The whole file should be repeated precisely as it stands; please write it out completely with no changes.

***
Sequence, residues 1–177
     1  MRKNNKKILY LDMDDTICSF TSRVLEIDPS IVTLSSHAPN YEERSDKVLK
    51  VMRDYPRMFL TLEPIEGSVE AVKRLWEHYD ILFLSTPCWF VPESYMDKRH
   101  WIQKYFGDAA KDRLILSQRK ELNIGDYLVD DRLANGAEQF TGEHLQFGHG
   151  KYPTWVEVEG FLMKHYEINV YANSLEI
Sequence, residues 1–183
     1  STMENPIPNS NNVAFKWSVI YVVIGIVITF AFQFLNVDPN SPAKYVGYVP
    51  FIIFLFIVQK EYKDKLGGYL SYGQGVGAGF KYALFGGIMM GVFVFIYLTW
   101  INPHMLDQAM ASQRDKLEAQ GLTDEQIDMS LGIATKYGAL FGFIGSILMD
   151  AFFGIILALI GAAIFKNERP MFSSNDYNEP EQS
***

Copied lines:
Sequence, residues 1–177
     1  MRKNNKKILY LDMDDTICSF TSRVLEIDPS IVTLSSHAPN YEERSDKVLK
    51  VMRDYPRMFL TLEPIEGSVE AVKRLWEHYD ILFLSTPCWF VPESYMDKRH
   101  WIQKYFGDAA KDRLILSQRK ELNIGDYLVD DRLANGAEQF TGEHLQFGHG
   151  KYPTWVEVEG FLMKHYEINV YANSLEI
Sequence, residues 1–183
     1  STMENPIPNS NNVAFKWSVI YVVIGIVITF AFQFLNVDPN SPAKYVGYVP
    51  FIIFLFIVQK EYKDKLGGYL SYGQGVGAGF KYALFGGIMM GVFVFIYLTW
   101  INPHMLDQAM ASQRDKLEAQ GLTDEQIDMS LGIATKYGAL FGFIGSILMD
   151  AFFGIILALI GAAIFKNERP MFSSNDYNEP EQS